One of Obama's most important health care promises was to create a National Health Insurance Exchange that would help Americans and businesses purchase private health insurance. 
Though a national exchange wasn't accomplished, state-based exchanges were created. This keeps the federal government out of the regulation, but state officials argue it's better this way since currently, health insurance regulation happens at the state level.   
It wasn't exactly what he wanted, but is the first step toward a more comprehensive health care system for all Americans. 
Earmark reform was a major part of the 2008 presidential election. Republican nominee John McCain was quick to point out when money was being wasted, and Barack Obama fired back that he was as against earmarks as anyone. 
President Obama got a chance to prove it though when he signed the economic stimulus bill, the first major spending bill of his presidency. 
This bill could have been chock-full of earmarks, but it wasn't. Though it did have a few, experts say it was largely earmark-free, quite a feat considering the size of the bill. 
That leads us into the stimulus bill. Did it work? Is the recession over? 
It's still tough to calculate, but experts think the stimulus act did do a good job of helping the economy bounce back after that horrible plunge. 
During its inception, Republicans across the board nay-sayed the bill, thinking it would have catastrophic effects on the national deficit. By Nov. 2009, pundits on both sides of the issue agreed that the bill was in fact working. High-speed rail projects across the nation are coming to fruition, parks and recreation departments are seeing renovations, and medical care is seeing impressive technological advancements.
Now, we're in a second round of stimulus. After the $787 billion stimulus bill, job loss continued to rise, with unemployment reaching more than 10 percent, after-effects of the previously downward spiraling economy. 
This led to the jobs bill and the Democratic push for tax breaks and unemployment aid. 
The effects of these measures are yet to be seen, but already unemployment has dropped to 9.7 percent
Other Stuff
When we said the president had a lot on his plate, we meant it. The president did a lot to relieve some of the country's ailments, mainly tackling the economy and the wars, and also took on his own personal mission of improving health care. 
But it doesn't end there. 
There is also immigration to deal with, education, gay rights, environmentalism and a ton of other things that he took on when applying for the job of president.
Let's talk a bit about immigration. 
Though there's nothing wrong with amnesty, unfortunately it wasn't one of his campaign promises. He did promise to secure the borders however, and has taken some measure to fulfill that promise.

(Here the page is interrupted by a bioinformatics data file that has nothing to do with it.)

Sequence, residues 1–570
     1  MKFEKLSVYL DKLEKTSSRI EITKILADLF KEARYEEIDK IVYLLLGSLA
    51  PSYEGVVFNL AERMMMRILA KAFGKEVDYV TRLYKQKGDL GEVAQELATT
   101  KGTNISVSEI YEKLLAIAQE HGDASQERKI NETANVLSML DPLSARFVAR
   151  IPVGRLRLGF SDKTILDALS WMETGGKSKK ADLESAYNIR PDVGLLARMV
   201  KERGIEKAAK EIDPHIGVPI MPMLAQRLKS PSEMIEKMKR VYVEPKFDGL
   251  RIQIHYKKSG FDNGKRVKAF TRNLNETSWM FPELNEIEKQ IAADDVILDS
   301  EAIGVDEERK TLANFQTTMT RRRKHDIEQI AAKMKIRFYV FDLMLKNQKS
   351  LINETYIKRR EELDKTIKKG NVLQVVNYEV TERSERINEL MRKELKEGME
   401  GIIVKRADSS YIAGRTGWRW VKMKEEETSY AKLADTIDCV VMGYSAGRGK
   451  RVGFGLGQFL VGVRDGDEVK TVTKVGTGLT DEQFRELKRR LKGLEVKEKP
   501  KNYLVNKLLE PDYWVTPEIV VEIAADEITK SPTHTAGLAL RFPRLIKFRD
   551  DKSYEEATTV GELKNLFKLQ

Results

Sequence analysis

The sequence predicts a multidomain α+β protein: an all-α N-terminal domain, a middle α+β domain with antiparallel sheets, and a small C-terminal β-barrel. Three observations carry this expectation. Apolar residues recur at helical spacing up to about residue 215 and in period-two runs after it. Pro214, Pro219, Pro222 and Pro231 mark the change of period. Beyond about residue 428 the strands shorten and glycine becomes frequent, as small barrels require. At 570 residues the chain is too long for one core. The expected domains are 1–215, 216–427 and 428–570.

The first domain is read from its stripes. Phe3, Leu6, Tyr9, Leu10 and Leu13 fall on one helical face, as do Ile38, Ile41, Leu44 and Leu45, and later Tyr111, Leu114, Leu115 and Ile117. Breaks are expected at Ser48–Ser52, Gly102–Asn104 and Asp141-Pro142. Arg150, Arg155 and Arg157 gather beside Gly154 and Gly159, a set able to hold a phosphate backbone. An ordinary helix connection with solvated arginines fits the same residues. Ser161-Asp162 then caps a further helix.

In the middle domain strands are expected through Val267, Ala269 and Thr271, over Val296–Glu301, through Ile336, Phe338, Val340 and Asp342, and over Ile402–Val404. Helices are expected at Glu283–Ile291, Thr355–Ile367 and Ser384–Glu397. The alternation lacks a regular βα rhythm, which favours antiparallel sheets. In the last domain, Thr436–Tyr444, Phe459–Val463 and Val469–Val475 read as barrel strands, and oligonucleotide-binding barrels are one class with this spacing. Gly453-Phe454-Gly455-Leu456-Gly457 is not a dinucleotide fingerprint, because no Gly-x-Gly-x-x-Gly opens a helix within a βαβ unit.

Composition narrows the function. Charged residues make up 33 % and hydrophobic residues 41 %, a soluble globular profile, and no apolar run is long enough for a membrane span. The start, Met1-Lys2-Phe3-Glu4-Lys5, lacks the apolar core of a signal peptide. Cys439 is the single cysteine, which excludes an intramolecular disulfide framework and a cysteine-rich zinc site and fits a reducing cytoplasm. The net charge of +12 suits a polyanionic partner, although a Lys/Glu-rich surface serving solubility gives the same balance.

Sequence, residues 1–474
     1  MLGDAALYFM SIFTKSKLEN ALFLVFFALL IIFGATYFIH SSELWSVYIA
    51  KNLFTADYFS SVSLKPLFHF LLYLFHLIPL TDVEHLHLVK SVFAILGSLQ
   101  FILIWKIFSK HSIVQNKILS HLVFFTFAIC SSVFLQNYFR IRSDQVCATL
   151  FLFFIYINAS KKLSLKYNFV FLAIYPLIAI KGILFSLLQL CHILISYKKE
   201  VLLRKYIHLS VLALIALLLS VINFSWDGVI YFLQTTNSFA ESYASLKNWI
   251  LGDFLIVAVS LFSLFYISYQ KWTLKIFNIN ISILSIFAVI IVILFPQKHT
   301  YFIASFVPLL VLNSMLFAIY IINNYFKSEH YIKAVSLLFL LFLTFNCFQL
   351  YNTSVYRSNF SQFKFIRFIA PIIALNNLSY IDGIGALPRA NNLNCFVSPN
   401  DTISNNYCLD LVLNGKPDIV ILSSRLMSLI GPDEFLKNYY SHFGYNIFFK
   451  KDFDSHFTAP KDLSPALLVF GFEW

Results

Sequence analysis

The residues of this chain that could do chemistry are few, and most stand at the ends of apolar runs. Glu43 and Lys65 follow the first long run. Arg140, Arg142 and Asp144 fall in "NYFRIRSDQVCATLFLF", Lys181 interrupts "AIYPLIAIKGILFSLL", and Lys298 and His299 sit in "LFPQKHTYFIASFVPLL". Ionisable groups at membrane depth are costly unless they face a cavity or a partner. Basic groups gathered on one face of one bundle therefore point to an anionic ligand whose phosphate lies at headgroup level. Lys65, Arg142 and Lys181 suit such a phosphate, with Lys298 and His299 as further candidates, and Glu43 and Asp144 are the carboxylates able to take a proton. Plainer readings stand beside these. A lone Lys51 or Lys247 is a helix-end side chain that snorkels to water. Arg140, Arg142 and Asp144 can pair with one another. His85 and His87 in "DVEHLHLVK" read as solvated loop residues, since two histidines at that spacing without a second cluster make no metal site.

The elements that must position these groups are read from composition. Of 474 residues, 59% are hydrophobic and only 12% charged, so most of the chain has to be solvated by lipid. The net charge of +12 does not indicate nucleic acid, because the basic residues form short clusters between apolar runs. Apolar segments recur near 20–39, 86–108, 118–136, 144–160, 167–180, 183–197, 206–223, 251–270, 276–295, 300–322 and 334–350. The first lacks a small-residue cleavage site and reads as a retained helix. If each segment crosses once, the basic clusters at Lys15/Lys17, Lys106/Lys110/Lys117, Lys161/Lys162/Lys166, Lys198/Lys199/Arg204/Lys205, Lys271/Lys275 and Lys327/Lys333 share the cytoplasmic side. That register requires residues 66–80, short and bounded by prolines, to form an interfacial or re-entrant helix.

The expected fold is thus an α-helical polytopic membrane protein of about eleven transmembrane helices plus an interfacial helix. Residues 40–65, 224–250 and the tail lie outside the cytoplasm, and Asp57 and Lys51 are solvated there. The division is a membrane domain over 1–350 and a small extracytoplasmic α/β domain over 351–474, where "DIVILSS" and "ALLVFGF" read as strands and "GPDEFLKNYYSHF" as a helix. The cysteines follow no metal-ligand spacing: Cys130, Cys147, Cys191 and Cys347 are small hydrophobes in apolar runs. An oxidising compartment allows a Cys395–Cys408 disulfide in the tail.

Obama vaguely described the addition of security forces at the Mexico border, and he got his chance over a year ago, when a rash of violent crimes at the border broke out. Homeland Security officials then announced that $700 million would be spent on helping the Mexican government track down illegal drug cartels.
During a recent meeting between Obama and Mexico's president Felipe Calderon, Obama showed support for a legal pathway to citizenship for illegal immigrants and denounced Arizona's SB1070, which legalizes racial profiling and wastes money on unnecessary police resources. 
President Obama is also working to repeal the "Don't Ask, Don't Tell" policy, which prohibits gays and lesbians from openly serving in the military. 
Though it hasn't been repealed yet, the House voted to repeal it after military commanders conduct a study to prove the move would not be disruptive, a major step forward in the fight for gay rights. 
On the education forefront, Obama is also working hard to move ahead. 
Obama has promised to dedicate $2 billion for a global education fund, which would provide an alternative to extremist schools in foreign nations. So far, he has outlined that a portion of the 2010 budget for foreign aid would go directly to the global fund.   
At home, he's working on providing more healthy environments for children at school, including increased financial support for physical education programs, clinical services and overall educational programs.  
This only scratches the surface but is a good representation of how many campaign promises Obama has indeed accomplished. He's negotiated on a few promises for the greater good and broken even fewer promises, but has maintained his overall commitment to change. Can't wait to see what his second two years in office will bring. 



Craig Gillespie directed this true story about "the most daring rescue mission in the history of the U.S. Coast Guard.”

Watch USC Annenberg Media's live State of the Union recap and analysis here.